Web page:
What is Forbearance in Student Loans? - Definition

Instructor: Michael Cozad

Michael is a financial planner and has a master's degree in financial services.

This lesson will provide an overview of student loan forbearance. Student loans affect students and graduates across the country, and the forbearance option will be explored in this lesson.


Student loans are intended to help students pay for their postsecondary education, which sounds like a good thing, right? However, these loans are fast becoming a problem for students and graduates alike. If you've watched the news lately, you have likely seen someone, somewhere talking about the student loan crisis.

After graduation, most students know that repayment will soon begin. As with almost any type of loan, in student loans, when the lender wants to be repaid, they contact the borrower numerous times and in various ways. However, if the person who borrowed the money is having difficulty repaying the loan, options to temporarily stop making those payments may be available.


That sounds awfully nice, doesn't it? If you had student loans, your first thought might be, 'I can stop making payments? Awesome!' The key word in the sentence, of course, is temporarily. Before we get too deep into the details, let's kick off this lesson with a definition.

Forbearance, at the most basic level, is when the lender permits you to stop making payments or even reduce monthly payments for up to twelve months. There are two types of forbearances: discretionary and mandatory. We'll explore those soon.


Meet Carl von non-Monybag. Carl graduated from Stanford with his undergraduate degree in 1999, his master's degree in 2001, and doctorate degree in 2005. Carl, even with all of these degrees from Stanford under his belt, has yet to find a decent-paying job (in the year 2014). This is unfortunate for not only Carl, but for his student loan lender, too.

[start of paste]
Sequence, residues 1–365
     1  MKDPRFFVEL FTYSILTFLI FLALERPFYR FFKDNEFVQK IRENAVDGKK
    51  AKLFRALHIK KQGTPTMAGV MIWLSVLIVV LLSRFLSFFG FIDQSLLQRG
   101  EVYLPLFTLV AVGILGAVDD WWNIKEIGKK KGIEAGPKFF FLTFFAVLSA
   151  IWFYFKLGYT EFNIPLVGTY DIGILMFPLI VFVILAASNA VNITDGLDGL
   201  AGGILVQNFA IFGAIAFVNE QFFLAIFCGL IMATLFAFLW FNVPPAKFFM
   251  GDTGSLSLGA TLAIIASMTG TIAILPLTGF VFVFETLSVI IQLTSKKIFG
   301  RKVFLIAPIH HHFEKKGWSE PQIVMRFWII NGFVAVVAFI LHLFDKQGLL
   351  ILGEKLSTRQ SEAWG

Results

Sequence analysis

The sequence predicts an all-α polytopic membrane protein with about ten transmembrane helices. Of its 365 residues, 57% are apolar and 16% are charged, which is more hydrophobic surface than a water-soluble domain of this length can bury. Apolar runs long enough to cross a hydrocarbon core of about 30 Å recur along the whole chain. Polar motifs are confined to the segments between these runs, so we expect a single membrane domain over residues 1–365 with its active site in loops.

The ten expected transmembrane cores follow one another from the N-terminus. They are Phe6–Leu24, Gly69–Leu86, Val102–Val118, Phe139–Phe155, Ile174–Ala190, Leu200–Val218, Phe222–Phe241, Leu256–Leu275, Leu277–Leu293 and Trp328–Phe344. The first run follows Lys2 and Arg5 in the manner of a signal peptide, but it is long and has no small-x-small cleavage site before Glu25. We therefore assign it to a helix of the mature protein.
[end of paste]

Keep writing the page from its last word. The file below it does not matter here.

Carl found out yesterday that his job at the local coffee shop is not only reducing his pay, but his hours as well. He enjoys this job so he will not consider quitting. At the same time, his rent and his student loan payment is coming up. With no living relatives and few friends, Carl has found himself in quite the pickle, as he has no one he can turn to in this time of need.

When Carl learned about forbearance, he thought it might be a good solution for him. So he called his student loan lender, and the representative inquired as to whether the forbearance request was discretionary or mandatory. Carl was unsure, so he did some research.

Carl learned that regardless of how he answered the question, interest on his student loans would continue to accrue, meaning that just because Carl reduced or stopped making payments, does not mean the interest stopped being charged; instead, it would continue to accumulate.

Discretionary Forbearance

Carl learned that he is most likely applying for a discretionary forbearance. Discretionary forbearance is typically requested during periods of financial hardship or illness. The 'discretionary' part means the lender gets to decide whether they will allow you to stop making payments, reduce your payments, or deny your request. If the request is denied, the originally agreed upon payment amount is due.

Mandatory Forbearance

On the flip side, if Carl was in a certain type of situation, he may qualify for a mandatory forbearance, in which the lender would be required to grant Carl his request. The following situations result in a mandatory forbearance:

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